His supporters span the political spectrum. There are the usual environmentalists, of course, like ones overheard at a recent RMI conference comparing how many miles per gallon their Priuses get. But he also draws praise from business leaders and military officials concerned about profits and national security. At one talk in Denver, Lovins was joined by Democratic Mayor John Hickenlooper, a liberal alternative-energy advocate, and by former CIA Director James Woolsey, who advised John McCain's presidential campaign on energy.
Part of Lovins's appeal, supporters say, is his genuine interest in building consensus. In 2002, he was disheartened by Washington's conventional approach to energy policy, which he once likened to "a bunch of hogs at a trough, jostling to gobble their fill." So, he summoned to Colorado about two dozen disparate energy experts from the public and private sectors and told them to come up with a comprehensive energy plan based on their areas of agreement. Their blueprint, which focuses on increasing energy efficiency, has been endorsed by oil companies, top climate-change scientists, and many senior lawmakers—though Congress, as a whole, still remains stubbornly gridlocked.
Over the years, Lovins has accumulated a fair share of critics, particularly those who say that his heavy emphasis on energy efficiency is shortsighted, because energy savings from efficiency tend to be outpaced by increases in consumption. Lovins, however, prefers the perspective of Austrian-American economist Joseph Schumpeter, who coined the phrase "creative destruction." Old innovations, he wrote, are "destroyed" by newer, more efficient ones, in a self-repeating process. Lovins clearly sees himself at the front of the latest creative wave.
8) Annual Fund-Raising Appeal for Integrity Research Institute
Thomas Valone, Integrity Research Institute, Nov. 30, 2008 http://partners.guidestar.org/controller/searchResults.gs?action_gsReport=1&partner=networkforgood&npoId=100035694
Integrity Research Institute (IRI) launches the Annual Fund-Raiser Appeal in order to boost funding for its three major programs. Donations can be earmarked for the Bioenergetics, Future Energy, or the Propulsion Program on the Guidestar.org donation website. You may also consider a membership in IRI as another way to support this essential work.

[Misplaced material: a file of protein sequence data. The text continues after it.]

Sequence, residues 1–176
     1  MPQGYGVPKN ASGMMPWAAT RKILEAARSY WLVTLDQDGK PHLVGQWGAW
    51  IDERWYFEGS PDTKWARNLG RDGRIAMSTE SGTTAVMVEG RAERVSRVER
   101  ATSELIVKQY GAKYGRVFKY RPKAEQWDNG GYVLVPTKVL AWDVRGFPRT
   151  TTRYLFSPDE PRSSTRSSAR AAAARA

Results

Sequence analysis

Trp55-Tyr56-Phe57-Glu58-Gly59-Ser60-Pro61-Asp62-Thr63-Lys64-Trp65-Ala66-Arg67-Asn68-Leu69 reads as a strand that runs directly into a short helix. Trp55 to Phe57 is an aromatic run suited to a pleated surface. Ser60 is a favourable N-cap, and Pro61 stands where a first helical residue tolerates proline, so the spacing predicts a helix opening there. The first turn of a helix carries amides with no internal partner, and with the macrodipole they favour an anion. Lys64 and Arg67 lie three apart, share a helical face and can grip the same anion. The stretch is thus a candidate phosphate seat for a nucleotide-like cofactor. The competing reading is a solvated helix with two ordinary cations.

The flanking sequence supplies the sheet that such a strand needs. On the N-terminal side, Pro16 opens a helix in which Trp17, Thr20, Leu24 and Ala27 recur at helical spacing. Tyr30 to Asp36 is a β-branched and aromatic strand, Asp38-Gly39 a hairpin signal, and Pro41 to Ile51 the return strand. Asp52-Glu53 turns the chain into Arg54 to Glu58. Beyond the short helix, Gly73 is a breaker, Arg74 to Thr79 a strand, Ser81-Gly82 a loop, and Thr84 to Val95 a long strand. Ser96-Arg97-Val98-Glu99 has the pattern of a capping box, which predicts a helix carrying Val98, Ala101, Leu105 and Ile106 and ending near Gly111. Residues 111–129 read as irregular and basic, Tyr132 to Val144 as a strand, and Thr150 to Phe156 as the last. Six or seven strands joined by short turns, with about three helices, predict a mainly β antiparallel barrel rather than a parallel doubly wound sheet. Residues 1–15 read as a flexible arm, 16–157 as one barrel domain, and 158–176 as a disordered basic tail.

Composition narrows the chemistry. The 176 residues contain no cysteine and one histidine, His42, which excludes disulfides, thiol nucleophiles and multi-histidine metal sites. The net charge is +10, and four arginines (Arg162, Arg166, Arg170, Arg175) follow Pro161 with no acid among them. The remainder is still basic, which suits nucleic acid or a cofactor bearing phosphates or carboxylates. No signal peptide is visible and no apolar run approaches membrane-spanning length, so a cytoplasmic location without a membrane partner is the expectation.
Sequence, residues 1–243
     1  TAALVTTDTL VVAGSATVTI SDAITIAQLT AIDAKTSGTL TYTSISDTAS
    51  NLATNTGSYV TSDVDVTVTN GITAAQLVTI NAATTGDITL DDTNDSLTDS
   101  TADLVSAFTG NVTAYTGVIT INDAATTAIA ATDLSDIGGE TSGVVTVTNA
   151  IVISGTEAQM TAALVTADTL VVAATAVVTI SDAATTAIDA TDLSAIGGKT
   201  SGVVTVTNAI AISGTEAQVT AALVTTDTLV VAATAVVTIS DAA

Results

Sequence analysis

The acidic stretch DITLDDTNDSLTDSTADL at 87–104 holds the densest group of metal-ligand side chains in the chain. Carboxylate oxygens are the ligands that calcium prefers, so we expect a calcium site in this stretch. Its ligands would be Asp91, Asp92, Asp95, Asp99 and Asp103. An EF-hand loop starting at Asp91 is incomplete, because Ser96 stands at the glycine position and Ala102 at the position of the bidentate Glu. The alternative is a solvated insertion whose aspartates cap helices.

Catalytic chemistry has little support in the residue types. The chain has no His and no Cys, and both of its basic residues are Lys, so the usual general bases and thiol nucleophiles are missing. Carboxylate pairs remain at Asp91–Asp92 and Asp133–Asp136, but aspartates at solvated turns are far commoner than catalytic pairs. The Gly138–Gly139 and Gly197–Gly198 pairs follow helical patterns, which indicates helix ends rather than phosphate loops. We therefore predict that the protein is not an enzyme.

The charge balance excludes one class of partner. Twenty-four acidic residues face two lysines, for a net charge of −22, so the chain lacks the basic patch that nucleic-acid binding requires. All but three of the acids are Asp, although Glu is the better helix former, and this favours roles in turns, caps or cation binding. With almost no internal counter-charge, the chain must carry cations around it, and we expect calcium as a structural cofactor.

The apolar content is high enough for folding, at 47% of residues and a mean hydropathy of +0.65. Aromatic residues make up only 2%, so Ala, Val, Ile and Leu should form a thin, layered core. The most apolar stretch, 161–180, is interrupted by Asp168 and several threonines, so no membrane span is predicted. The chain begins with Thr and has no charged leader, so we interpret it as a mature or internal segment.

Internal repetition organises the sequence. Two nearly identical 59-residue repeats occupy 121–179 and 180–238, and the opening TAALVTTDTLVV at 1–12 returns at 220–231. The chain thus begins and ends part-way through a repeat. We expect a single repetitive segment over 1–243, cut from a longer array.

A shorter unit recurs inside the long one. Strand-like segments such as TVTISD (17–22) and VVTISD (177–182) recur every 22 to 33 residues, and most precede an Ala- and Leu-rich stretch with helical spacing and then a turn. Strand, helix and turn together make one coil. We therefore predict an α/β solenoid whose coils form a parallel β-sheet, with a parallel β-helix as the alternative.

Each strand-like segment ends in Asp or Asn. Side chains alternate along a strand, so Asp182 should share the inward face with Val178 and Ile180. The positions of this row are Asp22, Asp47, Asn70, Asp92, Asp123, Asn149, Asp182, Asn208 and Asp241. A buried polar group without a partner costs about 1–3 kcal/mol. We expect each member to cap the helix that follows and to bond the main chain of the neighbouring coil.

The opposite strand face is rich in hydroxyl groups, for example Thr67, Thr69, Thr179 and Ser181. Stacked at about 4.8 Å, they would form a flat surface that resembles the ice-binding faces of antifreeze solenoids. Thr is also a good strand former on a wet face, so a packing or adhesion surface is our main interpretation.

IRI is dedicated to researching scientific integrity in the emerging energy sciences, specifically in the program areas of energy, propulsion and bioenergetics. As the IRI Laboratory opened in 2008, the developments in these areas have moved forward dramatically, with several investors making on-site visits to discuss major funding options. The Electric Clothes Project is a highlight of the Bioenergetics Program, which also includes the Premier 3000 and the Premier Junior products. The Spiral Magnetic Motor Project and the Zero Bias Diode Project are the major projects in the Energy Program, while the Electrokinetic Impulse Project is the major project in the Propulsion Program, as reviewed in the journal article, Empirical Approach to Electrogravitics and Electrokinetics for Aviation and Space Travel (online pdf reprint) presented to the 2008 Joint Propulsion Conference in Hartford, CT.
The Bioenergetics Program is reviewed online and in a book published by Integrity Research Institute, entitled, Bioelectromagnetic Healing: A Rationale for Its Use.
The Future Energy Program is reviewed online and in a book published by Integrity Research Institute entitled, The Future of Energy: An Emerging Science by Thomas Valone.
The Propulsion Program is primariliy presented in the Electrogravitics and Electrokinetics Project as reviewed in the two books on the subject, Electrogravitics Systems, Volume I and Electrogravitics II, both edited by Thomas Valone.
You may also want to see the one hour TeslaTech conference ZPE lecture online video which is a popular introduction to the subject of "zero point energy" and how it can be used.
You might also be interested in the Omni Art Salon audio podcast interview on this subject under the title, "Zero point energy and more with Dr. Tom Valone"
The latest podcast interview was on Progressive Radio Network with Jim Turner in October, 2008 on the topic of "How to Control Inertia for Future Space Travel" http://media.podcastingmanager.com/7/6/7/1/4/148422-141767/Media/600136.turner102408.mp3
The most recent video interview is by Conscious Media Network http://www.consciousmedianetwork.com/members/tvalone.htm "Interview with Tom Valone on Alternative Energy".
There is also a text-only interview with David Houle which is posted on his futurist website under the title, "Leading Scientists and Thinkers on Energy -- Thomas F. Valone".
Please consider a donation of any amount online through the secure service provided by Guidestar.org to help IRI during the Annual Fund-Raiser Appeal. Thank you!